Brazilian Adventure (book review)

Book review from The Movie Snob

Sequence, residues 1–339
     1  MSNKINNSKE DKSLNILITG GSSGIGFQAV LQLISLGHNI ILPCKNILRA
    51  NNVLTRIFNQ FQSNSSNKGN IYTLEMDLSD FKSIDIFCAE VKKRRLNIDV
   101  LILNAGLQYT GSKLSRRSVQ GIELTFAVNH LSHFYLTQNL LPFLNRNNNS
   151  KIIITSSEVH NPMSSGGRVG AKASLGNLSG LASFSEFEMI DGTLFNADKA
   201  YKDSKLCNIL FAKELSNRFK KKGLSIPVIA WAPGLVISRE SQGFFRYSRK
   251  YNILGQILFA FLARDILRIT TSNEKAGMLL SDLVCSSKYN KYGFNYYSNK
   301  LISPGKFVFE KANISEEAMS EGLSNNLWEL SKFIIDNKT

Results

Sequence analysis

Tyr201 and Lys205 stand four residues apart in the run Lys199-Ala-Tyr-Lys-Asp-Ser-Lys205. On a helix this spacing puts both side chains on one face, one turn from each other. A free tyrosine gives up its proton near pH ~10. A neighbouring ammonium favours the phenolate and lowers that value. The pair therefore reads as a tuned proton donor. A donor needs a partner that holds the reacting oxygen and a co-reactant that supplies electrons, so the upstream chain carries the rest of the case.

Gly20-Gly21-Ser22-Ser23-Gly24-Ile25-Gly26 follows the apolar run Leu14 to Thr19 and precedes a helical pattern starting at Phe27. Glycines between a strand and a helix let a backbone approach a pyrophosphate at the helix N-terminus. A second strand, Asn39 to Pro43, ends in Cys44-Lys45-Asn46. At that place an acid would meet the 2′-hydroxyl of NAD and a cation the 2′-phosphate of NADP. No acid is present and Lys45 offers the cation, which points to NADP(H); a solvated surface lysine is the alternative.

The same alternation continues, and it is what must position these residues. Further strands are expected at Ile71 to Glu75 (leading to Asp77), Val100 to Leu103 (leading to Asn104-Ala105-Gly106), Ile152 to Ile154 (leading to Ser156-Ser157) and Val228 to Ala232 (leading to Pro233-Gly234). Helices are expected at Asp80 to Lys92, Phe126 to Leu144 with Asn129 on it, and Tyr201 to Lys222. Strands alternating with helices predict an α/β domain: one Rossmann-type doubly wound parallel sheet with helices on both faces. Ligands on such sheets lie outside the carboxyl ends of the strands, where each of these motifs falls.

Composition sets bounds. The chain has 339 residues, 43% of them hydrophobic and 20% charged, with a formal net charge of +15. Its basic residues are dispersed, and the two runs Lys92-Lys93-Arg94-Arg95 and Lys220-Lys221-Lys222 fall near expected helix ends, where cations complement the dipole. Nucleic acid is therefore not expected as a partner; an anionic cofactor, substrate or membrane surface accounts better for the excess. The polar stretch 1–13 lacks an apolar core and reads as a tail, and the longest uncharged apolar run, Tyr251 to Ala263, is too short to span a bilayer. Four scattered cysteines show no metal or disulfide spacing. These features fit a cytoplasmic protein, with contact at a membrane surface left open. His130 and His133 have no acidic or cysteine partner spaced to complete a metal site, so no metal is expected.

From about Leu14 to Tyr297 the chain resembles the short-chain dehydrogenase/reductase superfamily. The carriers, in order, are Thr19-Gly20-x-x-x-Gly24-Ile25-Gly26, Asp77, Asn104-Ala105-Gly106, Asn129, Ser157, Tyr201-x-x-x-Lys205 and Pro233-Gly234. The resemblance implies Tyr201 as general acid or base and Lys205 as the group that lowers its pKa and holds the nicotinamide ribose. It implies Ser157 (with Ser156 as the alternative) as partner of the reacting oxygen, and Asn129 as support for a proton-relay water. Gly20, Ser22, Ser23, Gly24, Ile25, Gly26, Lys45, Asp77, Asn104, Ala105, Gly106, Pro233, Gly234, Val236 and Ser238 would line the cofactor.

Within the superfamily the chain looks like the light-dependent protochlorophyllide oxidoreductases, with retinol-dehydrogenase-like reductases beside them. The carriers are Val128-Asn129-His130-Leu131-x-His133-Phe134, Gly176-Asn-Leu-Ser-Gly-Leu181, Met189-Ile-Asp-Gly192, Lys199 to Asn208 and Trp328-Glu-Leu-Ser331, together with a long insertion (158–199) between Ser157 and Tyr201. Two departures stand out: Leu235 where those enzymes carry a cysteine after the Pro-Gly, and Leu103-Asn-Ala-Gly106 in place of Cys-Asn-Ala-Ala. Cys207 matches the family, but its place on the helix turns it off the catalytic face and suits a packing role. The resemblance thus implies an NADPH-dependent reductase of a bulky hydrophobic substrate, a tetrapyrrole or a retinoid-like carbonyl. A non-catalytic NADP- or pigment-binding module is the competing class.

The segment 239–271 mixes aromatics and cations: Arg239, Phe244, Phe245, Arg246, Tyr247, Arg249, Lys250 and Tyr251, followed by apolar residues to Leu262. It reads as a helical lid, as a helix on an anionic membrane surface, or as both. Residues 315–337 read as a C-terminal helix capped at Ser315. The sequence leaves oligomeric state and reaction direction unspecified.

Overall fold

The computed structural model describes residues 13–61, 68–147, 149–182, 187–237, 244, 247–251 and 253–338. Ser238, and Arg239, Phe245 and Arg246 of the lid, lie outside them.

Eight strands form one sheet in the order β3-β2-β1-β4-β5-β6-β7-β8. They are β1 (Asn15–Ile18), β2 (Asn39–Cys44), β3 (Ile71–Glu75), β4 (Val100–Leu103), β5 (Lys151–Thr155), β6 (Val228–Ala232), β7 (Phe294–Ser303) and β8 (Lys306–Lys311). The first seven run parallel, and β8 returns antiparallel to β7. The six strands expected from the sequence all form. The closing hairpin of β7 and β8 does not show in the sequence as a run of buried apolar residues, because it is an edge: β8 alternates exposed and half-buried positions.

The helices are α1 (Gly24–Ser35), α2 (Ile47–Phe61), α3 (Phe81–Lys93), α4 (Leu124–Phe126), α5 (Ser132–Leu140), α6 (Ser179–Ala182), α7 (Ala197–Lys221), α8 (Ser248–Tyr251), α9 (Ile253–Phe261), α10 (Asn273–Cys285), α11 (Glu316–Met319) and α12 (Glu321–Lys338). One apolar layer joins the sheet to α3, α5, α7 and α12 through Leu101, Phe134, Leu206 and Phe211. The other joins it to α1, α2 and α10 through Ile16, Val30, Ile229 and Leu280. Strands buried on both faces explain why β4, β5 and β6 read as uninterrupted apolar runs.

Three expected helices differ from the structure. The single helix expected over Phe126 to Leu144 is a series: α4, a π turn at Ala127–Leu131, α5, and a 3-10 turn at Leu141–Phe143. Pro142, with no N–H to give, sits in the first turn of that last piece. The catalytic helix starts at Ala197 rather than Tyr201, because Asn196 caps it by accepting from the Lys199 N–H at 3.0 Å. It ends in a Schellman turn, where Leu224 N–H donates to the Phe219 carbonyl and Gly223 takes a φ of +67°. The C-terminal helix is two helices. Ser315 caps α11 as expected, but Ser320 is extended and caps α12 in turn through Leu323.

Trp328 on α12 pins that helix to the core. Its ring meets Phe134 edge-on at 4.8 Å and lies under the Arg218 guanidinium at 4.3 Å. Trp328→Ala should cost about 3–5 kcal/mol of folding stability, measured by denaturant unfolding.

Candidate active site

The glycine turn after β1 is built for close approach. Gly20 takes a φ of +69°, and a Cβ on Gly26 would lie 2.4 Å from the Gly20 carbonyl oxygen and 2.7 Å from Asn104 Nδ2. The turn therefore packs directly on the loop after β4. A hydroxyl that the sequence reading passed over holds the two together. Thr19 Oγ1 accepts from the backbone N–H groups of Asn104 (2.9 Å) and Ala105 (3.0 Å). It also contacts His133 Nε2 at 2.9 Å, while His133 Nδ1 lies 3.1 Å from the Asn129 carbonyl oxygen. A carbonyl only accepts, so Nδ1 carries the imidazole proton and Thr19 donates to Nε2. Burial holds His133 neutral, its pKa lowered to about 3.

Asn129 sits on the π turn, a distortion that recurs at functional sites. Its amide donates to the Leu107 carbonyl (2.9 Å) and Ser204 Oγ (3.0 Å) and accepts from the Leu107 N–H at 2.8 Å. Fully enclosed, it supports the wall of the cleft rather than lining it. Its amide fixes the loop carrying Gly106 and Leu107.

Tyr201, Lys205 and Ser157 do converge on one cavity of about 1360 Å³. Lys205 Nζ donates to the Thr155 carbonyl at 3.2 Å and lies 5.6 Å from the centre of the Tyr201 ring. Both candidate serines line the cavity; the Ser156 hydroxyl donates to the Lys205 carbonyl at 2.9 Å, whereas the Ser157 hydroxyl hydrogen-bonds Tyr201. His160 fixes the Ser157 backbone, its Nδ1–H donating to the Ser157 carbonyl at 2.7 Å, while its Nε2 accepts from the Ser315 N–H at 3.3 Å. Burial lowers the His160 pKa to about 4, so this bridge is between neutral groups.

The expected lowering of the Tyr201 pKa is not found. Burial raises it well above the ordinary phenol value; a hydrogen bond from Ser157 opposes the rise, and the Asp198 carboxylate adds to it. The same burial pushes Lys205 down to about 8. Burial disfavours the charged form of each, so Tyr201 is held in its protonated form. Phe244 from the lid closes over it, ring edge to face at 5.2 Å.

Brazilian Adventure, by Peter Fleming (Northwestern University Press 1999). First, the backstory. Peter Fleming was a British journalist and the brother of James Bond creator Ian Fleming. In 1927, a British colonel named P.H. Fawcett led an expedition into the Amazon jungle and disappeared. In 1932, somebody mounted an expedition to try to find out what had happened to Colonel Fawcett, and Peter Fleming, a literary editor in his 20s, signed up. This is his account of his own ill-fated expedition, which avoided complete disaster but consisted mostly of one minor fiasco after another. I found his style to be irresistibly amusing. After meeting the expedition’s mysterious leader, Major Pingle, and learning his plan for the journey, he writes, “It almost looked as if we had a chance of something better than an honourable failure.” Writing of a fantastically remote campsite in which he and his two companions could have been attacked by jaguars or hostile natives, he confesses, “We saw nothing more formidable than a toad, detected in the act of climbing into my trouser pocket as I slept. If I knew my job, I should say it was a man-eating toad; but I cannot slander so trustful a creature.” I enjoyed the book quite a bit, not least because I know I am never going to do anything so crazy.

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